Now the head chef at popular restaurant Becketts, Southsea, Jack is bringing his diverse expertise to the Bellevue Terrace tables and is celebrating one year at the contemporary establishment.
Jack, 31, says: ‘It was a very big deal for me to come to the island. I grew up and started my career in Portsmouth so it’s been amazing to work at one of the city’s best restaurants.
‘My cooking style is a reflection of all the places I have been, from Africa to Scandinavia.’
Jack was born in north London and spent most of his childhood between his mum’s house in Twickenham and his dad’s home in Portsmouth.
He explains: ‘My dad lived in the city. He was a sailor and my mum was a chef.
‘I spent lots of holidays at the south coast with him.
‘I have known Portsmouth for ages, even before Gunwharf was built.’
But when he was just 18, his mum lost her house which made him homeless. Sleeping on the streets of London, Jack admits life was tough and he felt lost before he found his calling in cooking.
‘I got into cheffing by accident really,’ says Jack, laughing.
‘While I was homeless, I started working in a café which used to serve food to QPR supporters. I started living at the café too and realised I needed to move on and plan my future.
‘I moved down to the south coast with my dad. I looked at college courses and it was a toss up between cooking and mechanics. I had already trained in multimedia.
‘I went to Highbury for three years to study cookery from 2009-2011 and got my first job as a pastry chef at A Bar Bistro. That was the beginning of my culinary career.’
From his first gig at the Old Portsmouth restaurant in 2011, Jack says the following decade has been a ‘whirlwind’ for him and his career.
He says: ‘From the ages of 19-22, my life was pretty crazy. I went from being homeless on the streets of London to working in good restaurants.
‘When I look back, I don’t really know how I did it.
‘It was sink or swim.’
Moving on from A Bar Bistro, Jack got his next job at Bistro Montparnasse, Southsea, as a pastry and sous-chef and worked there for three years.
After working the long hours in restaurants, Jack launched a new venture in the form of his American slow-barbecue street-food business in 2016.
‘I started up my own street-food business, focusing on brisket and slow-cooked meats,’ explains Jack.
‘It’s such an honest way of cooking because the customer is right in front of you and can watch what you’re doing.
‘I fell in love with cooking on natural fires and using different woods to create flavours. However that stopped because the work was so seasonal.’
Having a flavour for different cooking techniques, Jack packed his bag and travelled to Ghana in 2017 after a one-year stint as a chef at Three Choirs Vineyard, Wickham.
Going back to his ‘roots’, Jack’s two-month stay in west Africa is an experience he looks back on fondly.
He explains: ‘My mum is from Ghana so it was great to go back to my roots and explore the culture and west-African cooking.
‘The people I met were so understanding of their environment and what’s around them, more so than what we are like in the UK.
‘It was extremely humbling too. On one street corner you see a £20-million building and then down the road, whole families are living in slums.
‘It was a very special journey for me.’
Leaving Africa behind, Jack jetted off to Denmark to a job that many chefs can only dream of.
He landed an apprenticeship at Noma – a two-Michelin-star restaurant run by chef René Redzepi in Copenhagen which was ranked the Best Restaurant in the World by Restaurant magazine in 2010, 2011, 2012 and 2014.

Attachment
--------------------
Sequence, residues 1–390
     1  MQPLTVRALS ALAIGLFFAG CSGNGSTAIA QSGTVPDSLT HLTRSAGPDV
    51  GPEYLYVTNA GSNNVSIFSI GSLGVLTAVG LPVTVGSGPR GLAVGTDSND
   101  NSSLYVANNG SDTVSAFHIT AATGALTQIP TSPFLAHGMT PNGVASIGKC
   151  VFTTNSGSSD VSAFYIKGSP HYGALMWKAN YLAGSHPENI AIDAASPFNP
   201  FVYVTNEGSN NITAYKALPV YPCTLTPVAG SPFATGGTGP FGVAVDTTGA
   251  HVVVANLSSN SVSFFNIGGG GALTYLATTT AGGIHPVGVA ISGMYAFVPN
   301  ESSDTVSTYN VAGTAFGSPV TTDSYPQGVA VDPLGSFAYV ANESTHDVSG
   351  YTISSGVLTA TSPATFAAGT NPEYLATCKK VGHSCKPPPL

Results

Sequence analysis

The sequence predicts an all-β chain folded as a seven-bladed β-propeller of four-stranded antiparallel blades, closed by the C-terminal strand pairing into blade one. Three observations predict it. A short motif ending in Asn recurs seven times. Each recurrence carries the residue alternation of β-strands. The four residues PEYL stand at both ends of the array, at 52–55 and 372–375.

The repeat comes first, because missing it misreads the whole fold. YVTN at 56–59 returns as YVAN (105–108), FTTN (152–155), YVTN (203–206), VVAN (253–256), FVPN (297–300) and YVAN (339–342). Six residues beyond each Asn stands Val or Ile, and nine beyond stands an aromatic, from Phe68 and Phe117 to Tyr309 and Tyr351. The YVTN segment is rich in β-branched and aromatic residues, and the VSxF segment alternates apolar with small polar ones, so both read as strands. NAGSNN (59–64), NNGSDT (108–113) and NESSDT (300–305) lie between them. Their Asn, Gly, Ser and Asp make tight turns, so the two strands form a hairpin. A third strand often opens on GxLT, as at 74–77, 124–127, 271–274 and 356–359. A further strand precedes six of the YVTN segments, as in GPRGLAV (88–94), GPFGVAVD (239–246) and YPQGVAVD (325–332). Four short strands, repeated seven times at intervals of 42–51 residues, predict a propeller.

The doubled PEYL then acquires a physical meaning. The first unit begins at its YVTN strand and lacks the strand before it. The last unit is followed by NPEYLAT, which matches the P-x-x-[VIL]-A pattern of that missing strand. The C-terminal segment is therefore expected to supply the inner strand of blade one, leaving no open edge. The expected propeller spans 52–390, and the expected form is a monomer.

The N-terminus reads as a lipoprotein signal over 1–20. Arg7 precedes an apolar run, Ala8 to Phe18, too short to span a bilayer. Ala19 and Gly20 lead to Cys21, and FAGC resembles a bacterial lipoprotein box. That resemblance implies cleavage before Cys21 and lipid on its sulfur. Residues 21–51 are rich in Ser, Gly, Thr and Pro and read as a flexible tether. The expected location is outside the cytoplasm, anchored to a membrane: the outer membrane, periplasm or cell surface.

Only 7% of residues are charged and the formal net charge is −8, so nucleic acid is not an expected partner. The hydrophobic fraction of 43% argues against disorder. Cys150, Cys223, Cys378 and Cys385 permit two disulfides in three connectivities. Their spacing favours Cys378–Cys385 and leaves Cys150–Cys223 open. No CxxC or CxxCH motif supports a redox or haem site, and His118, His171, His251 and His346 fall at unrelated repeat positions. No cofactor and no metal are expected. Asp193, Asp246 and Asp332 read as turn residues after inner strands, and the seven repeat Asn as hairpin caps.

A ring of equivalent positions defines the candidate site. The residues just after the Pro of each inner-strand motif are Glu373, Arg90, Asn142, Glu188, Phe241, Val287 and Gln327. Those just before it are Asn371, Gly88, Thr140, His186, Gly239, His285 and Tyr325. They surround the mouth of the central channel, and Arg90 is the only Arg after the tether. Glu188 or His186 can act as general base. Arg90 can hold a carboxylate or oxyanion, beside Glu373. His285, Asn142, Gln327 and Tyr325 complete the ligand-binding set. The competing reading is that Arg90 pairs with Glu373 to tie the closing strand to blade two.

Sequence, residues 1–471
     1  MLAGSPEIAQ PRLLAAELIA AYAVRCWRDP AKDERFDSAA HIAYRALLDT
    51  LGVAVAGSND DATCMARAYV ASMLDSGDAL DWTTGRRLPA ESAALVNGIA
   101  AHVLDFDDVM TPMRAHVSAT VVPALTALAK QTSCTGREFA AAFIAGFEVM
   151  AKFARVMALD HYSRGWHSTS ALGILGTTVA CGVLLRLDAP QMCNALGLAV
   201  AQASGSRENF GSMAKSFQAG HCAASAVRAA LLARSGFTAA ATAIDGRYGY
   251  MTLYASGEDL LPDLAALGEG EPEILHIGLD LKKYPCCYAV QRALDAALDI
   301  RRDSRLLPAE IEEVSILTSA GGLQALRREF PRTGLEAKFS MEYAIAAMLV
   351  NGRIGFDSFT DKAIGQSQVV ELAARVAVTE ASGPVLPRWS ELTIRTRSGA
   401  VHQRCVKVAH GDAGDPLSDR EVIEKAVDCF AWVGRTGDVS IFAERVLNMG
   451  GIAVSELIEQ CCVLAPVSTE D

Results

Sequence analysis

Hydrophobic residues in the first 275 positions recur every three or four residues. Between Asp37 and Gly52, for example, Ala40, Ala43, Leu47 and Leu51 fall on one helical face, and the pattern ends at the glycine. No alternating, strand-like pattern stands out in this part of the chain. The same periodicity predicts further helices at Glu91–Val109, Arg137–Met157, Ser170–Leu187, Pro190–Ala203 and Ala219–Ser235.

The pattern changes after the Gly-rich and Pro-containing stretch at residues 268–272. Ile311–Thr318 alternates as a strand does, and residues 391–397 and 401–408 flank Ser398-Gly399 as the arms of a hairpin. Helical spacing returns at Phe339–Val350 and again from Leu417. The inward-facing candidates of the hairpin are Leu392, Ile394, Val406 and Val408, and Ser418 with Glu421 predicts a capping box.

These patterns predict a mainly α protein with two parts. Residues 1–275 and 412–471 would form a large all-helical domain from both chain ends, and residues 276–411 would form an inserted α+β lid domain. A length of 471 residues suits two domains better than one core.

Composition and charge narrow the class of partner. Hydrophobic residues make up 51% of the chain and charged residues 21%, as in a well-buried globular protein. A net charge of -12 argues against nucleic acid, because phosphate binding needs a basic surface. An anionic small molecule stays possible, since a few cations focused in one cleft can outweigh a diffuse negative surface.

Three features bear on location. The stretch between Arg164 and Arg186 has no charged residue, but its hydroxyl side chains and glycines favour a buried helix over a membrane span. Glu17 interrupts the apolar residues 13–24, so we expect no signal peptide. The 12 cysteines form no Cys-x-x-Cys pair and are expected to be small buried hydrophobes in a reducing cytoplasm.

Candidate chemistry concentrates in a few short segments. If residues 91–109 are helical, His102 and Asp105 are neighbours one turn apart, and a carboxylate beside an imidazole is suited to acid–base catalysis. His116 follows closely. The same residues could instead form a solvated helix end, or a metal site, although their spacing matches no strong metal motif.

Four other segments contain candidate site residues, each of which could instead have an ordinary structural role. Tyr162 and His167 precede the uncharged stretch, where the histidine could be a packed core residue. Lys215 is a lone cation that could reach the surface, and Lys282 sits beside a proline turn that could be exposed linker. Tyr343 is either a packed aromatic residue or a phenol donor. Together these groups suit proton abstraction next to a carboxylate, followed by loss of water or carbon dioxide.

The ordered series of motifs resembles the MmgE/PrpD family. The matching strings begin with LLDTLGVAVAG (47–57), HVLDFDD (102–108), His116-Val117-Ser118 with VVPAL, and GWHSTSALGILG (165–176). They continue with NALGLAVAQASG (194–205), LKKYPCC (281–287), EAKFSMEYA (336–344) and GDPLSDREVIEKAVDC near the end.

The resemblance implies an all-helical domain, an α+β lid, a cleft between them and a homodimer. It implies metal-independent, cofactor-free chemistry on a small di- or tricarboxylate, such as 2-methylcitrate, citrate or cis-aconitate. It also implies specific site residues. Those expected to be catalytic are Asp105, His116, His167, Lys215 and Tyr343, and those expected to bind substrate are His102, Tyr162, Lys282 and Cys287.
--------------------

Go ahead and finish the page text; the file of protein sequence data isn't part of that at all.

‘In 2019, it was ranked second best in the world,’ adds Jack.
‘I started working there as what would be considered an apprentice. I had spent a long time cheffing but this tested how good I really was.
‘Customers would spend £350 on 12 courses and then on top of that, around £200 on drinks.
‘It planted an appreciation for how Michelin-star restaurants function but also how extremely hard the team works behind the scenes.
‘I was working with an array of amazing chefs and staff.
‘They closed that restaurant to open another one in Mexico for three months and invited me to go along. But I had family commitments so came back to the UK.
‘Noma showed me that I was quite stagnant in my cooking techniques and they taught me all about natural fire cooking and fermentation.
‘It definitely added a few more strings to my bow.’
Back in the UK, Jack became the head chef at the Ovation Restaurant at Mayflower Theatre, Southampton, serving ‘B-list celebrities from Kat Slater to the Chuckle Brothers’.
Jack says: ‘It was an amazing opportunity to run the restaurant at the biggest theatre on the south coast. We won a Great Taste Award.’
Before moving into the kitchen at Becketts, Jack experienced another Michelin-star restaurant but this time in London at The Clove Club.
So with plenty of gastronomical experience under his belt, Jack joined the team at Southsea last year, working closely with the owners to redesign the menu and watch the kitchen undergo a £40,000 refurbishment.
He says, smiling: ‘I could see the amount of passion they had for this place.
‘At Becketts, we aim to build a delicious accessible menu of classic European dishes with a modern twist. We cook using natural fires and believe this combination of old-world cooking practices meeting modern cooking techniques sets our style apart from other offerings in the city.
‘It has been a whirlwind year, but it has been amazing. We’re trying to create a very special venue and create a place where people can come to create memories. At a time like this when people are a bit low, it’s been really nice to see people come back to the restaurant and back to some sort of normal.’
For more information about Becketts, to view their menu or book a table, go to beckettssouthsea.co.uk or call (023) 9286 5000.